Such caution is a good thing, but it shouldn’t prevent organizations from deploying patches outright. Realistically, every effective patch management process enables organizations to roll and unroll patches through user regression testing. Under this model, IT rolls out a patch and then conducts a series of tests to verify whether everything is working. IT can then use those tests to either accept the patch, assuming the fix doesn’t break anything, or unroll it and decide on another course of action.

Vulnerability Management as a Holistic Function

The decision to either roll out, unroll, or disregard a specific patch falls within the larger context of vulnerability management. Defined as “a security practice specifically designed to proactively mitigate or prevent the exploitation of IT vulnerabilities,” vulnerability management is not a stand-alone scan-and-patch function. It’s a holistic function that takes a proactive view of managing the daunting task of addressing identified vulnerabilities in deployed hardware devices and software. Simply put, vulnerability management is a superset of patch management, as evidenced by the following equation:

Vulnerability Management = Policy + Awareness + Prioritization + Patch Management

+ Testing + Tweaking + Mitigation

There are four main stages of any effective vulnerability management program:

  1. Determine which IT assets need protecting by analyzing factors such as physical or logical connection to higher classified assets, user access, and system availability.
  2. Develop an inventory of all hardware and software installed on the corporate network including both authorized and unauthorized devices and software.
  3. Apply the vulnerability scanning process to those assets recorded in the company’s inventory. This procedure generally takes the form of automated vulnerability scans. Upon completion, it might reveal weaknesses on certain discovered assets, though it’s important to remember that vulnerability scans are capable of identifying only certain kinds of flaws.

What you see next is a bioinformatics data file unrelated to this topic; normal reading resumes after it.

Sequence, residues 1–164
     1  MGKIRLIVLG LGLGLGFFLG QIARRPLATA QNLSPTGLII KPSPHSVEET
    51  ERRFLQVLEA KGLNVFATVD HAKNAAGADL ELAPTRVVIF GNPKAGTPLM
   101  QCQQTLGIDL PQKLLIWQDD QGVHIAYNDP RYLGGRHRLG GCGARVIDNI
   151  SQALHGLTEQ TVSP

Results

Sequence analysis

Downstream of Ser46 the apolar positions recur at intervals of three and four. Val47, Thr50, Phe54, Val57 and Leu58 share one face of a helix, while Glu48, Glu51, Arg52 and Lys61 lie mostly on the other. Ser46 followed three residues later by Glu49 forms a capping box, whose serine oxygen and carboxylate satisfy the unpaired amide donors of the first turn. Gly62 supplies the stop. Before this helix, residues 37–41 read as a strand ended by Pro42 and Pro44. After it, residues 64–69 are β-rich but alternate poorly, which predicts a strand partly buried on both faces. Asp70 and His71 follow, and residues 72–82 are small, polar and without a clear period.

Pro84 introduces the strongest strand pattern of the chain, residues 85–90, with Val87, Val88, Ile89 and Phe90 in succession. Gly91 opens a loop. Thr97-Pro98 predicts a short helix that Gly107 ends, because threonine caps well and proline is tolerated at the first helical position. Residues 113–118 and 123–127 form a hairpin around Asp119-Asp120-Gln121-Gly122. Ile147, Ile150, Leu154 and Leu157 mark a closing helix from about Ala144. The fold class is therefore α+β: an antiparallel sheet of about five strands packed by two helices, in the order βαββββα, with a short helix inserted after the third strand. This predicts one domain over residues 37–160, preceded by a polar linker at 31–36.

4. Practice effective reporting and remediation by prioritizing all discovered vulnerabilities and creating a mitigation schedule based upon those rankings. If a complete fix is available, security teams can follow the patch management steps identified above. If a complete fix isn’t available, or if there are legitimate reasons why you choose not to implement a patch (such as what it will break the functionality of a service), you need to investigate workarounds or alternatives that you can use to mitigate the risk posed by the unpatched vulnerability.

Clearly, vulnerability management is more than just getting alerts whenever your infrastructure needs a patch applied. Vulnerability management is about making informed decisions and properly prioritizing what vulnerabilities to mitigate, and how. This is achieved by embedding internal hooks for telemetry into all systems of interest as well as external hooks for threat intelligence from all sources.

Thus, patch management cannot be planned and operated in isolation of vulnerability management because you need to make sure that the patch does more good than harm. In no situation is “just patch faster” the right advice! Most organizations should “patch smarter”, which means “prioritize what to patch.” Basically, it is a balancing act.

What Does the C-suite Need to Know?